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Tuesday, December 07, 2021

Karnataka govt yet to act on forest department’s suggestion to declare defunct NGEF area as deemed forest

The Bengaluru south subdivision of the forest department had informed the Karnataka government that there were approximately 44,720 trees of 18 species inside the New Government Electrical Factory campus.

Written by Aksheev Thakur | Bengaluru |
November 24, 2021 6:35:41 pm
New Government Electrical Factory Hubli unit (picture used for representational purpose)

While the Karnataka government has not yet moved an inch in implementing former chief minister BS Yediyurappa’s proposal to convert the defunct New Government Electrical Factory (NGEF), Bengaluru unit into a tree park under the Bengaluru Mission 2022 programme, the official documents of the Karnataka forest department reveal that the state government was suggested by the department to declare the factory’s land as a deemed forest area.

Acting on the Karnataka High Court’s order of 2017 to enumerate the number of trees inside the campus, the Bengaluru south subdivision of the forest department informed the government that there were approximately 44,720 trees of 18 species. Based on the number of trees found on the campus, the division recommended the government to declare the area as a deemed forest.

In a letter dated November 24, 2017, a senior forest officer attached with the south division explained that the NGEF was shut down in early 2000 and the sprawling campus houses several trees. He apprised the government of several instances of smuggling of sandalwood trees which are predominantly found on the campus.

“Despite raising a compound wall surrounding the borders of NGEF, there are many instances of sandalwood trees being chopped, cut into small pieces and then smuggled illegally by thieves. The High Court order passed in 2017 directed the state government to utilise 119.6 acres of land by undertaking thick afforestation and tree plantation work, maintain ecological balance and improve the lung capacity for the garden city. For these reasons, the forest department must bring the land under them. The old buildings should be razed and saplings should be planted and declare the area as deemed forest,” the letter read.

Along with the letter, the division also informed the government about the number of tree species and attached the report with pictorial evidence.

“We have found 44,720 trees inside the campus. Sandal and teak plantations were also done by the forest department inside the NGEF campus. 70 per cent of the area is covered with trees and 30 per cent with defunct buildings. With the dwindling lung space in the city, it would be great to declare it as a deemed forest area. In fact, even the forest department has not bothered so far to take up these spots under the deemed forests list. Some citizens write to the department to consider it but it is yet to act on it. Meanwhile, the government wants to turn the area into some park,” a senior official from the forest department told The Indian Express.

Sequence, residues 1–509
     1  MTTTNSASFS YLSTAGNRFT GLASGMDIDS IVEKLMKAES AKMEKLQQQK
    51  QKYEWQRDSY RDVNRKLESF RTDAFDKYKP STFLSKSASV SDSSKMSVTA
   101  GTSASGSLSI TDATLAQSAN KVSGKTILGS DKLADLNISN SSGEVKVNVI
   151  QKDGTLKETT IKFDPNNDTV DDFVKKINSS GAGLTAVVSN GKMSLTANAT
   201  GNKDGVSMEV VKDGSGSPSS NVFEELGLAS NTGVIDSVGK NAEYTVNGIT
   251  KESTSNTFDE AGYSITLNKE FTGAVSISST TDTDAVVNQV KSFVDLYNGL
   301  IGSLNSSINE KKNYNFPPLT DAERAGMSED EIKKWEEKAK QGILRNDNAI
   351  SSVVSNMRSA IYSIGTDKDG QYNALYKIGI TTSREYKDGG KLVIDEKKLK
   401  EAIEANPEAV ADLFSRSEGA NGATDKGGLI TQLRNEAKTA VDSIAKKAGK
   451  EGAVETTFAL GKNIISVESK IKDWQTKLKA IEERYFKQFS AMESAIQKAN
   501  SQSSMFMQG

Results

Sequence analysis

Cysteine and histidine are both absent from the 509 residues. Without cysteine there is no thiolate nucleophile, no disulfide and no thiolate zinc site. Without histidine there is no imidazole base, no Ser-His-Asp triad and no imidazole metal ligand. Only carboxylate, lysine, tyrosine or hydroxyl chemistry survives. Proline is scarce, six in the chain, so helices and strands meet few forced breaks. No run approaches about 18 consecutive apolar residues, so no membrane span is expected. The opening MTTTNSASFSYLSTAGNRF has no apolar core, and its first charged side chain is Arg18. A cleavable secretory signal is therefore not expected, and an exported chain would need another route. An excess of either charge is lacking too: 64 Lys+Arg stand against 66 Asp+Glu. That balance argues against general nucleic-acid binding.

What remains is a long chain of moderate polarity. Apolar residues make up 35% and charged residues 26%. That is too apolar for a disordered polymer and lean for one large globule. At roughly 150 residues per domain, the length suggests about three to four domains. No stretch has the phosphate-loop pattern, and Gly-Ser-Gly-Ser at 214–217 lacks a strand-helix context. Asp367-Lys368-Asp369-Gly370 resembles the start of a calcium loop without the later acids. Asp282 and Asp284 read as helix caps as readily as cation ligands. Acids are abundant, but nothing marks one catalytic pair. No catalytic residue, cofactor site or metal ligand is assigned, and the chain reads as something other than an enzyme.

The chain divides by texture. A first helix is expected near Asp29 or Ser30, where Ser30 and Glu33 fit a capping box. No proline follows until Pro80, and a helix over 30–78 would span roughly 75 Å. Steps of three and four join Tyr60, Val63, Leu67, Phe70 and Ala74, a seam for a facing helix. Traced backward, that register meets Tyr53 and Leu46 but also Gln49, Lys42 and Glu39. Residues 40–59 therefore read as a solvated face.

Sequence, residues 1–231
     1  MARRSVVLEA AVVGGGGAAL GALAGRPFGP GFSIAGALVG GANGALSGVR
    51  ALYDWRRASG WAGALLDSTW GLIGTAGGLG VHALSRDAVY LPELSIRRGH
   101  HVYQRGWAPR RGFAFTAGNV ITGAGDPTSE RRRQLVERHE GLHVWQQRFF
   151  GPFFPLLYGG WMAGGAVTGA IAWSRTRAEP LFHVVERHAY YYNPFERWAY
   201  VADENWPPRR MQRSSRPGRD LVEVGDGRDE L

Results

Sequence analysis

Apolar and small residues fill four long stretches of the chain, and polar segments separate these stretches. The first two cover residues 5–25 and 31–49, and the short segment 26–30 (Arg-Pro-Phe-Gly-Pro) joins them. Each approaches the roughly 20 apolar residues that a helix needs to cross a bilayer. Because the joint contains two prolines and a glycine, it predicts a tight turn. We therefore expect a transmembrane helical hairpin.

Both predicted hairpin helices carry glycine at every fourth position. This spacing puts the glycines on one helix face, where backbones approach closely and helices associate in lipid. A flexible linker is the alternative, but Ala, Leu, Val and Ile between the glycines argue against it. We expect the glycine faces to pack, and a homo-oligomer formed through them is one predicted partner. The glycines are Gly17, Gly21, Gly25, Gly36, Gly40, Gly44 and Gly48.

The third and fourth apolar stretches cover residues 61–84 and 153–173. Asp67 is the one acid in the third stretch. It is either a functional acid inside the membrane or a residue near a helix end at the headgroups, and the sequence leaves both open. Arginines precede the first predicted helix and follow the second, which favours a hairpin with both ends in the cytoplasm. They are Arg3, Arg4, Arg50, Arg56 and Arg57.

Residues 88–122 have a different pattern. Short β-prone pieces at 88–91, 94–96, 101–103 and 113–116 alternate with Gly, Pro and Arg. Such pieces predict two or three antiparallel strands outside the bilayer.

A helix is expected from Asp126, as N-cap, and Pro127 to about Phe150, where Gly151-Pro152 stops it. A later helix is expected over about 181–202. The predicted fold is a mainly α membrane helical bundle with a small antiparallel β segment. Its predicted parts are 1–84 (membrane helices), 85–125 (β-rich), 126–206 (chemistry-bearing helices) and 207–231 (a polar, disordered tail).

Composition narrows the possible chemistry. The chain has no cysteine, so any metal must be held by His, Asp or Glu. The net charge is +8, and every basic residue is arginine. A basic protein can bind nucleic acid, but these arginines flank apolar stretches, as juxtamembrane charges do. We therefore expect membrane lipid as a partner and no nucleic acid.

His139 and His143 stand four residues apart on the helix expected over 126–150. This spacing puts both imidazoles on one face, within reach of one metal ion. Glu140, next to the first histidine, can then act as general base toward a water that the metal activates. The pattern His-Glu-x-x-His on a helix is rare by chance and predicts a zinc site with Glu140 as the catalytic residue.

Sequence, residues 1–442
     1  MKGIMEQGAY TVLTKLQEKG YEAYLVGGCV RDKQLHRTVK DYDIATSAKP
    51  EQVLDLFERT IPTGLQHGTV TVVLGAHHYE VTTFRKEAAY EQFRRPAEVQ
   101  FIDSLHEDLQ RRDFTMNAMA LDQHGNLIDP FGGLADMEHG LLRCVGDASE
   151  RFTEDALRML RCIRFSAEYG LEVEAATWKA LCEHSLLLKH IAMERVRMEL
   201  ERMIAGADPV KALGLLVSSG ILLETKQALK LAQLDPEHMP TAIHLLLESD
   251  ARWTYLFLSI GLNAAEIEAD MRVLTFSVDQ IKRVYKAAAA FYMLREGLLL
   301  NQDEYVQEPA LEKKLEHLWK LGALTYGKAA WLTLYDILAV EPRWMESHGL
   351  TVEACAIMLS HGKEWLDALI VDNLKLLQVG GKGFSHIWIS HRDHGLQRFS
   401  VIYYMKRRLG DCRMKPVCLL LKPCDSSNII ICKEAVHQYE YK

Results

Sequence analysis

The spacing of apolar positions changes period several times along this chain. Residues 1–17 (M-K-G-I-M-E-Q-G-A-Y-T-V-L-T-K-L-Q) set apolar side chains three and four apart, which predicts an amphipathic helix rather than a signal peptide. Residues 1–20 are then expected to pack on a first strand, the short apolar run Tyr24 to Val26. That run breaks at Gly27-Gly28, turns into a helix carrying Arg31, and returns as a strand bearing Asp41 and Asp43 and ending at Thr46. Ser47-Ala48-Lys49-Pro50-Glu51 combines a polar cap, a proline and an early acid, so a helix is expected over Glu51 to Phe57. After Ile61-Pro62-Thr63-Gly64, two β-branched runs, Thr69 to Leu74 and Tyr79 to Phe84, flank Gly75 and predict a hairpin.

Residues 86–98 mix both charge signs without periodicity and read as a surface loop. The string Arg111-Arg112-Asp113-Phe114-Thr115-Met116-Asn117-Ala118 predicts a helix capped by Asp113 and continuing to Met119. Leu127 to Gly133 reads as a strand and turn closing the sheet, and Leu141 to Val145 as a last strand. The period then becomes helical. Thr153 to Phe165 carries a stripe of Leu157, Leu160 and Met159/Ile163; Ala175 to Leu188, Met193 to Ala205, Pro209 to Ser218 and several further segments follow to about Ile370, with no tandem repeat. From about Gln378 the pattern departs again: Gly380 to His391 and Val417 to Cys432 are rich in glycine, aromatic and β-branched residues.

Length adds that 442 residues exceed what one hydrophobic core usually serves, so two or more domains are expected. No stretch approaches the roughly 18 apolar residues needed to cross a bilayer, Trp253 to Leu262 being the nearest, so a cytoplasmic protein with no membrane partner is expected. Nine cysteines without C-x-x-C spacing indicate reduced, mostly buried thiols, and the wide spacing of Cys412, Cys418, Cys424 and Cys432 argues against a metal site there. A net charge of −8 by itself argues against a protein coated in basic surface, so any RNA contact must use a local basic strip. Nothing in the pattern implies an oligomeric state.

NGEF used to manufacture pumps, electric motors and switch gears but the factory was shut down in early 2000 due to losses. Originally spread in 221.125 acres, the NGEF land was shrunk after the Bengaluru Metro Rail Corporation Limited (BMRCL) acquired part of it to build its depot and Baiyappanahlli Metro Terminal and the Karnataka State Road Transport Corporation (KSRTC) built a bus depot.

With the remaining 119.6 acres of land, the Karnataka High Court has ordered the state government to utilise it by undertaking thick forestation and tree plantation work.

The Supreme Court in TN Godavarman Thirumulpad vs Union of India (1997) emphasised that the word forest must be understood according to its dictionary meaning of the term irrespective of the nature of ownership and classification thereof.

In the past, Bangalore North lost several notified forest areas. 2054 acres of Mallegalvalley reserve forest was lost to Laggere and Yeshwanthpura areas, Mallathahalli reserve forest lost 285 acres for the development of Vishweshwaraiah layout, 100 acres of Hebbal plantations were diverted to make way for Hebbal veterinary college, 375 acres of Jakkur plantations were lost to flying school, 650 acres of Thindlu and Allasandra plantations and 344 acres of Kenchenahalli plantations were lost, 200 acres of Nagadevanahalli plantations were given to the government printing press and forest officers layout, 599 acres of Peenya plantations to the erstwhile HMT, 400 acres of Jarakabande sandal reserve and 140 acres of Machohalli reserve forest were utilised for infrastructural and defence projects.

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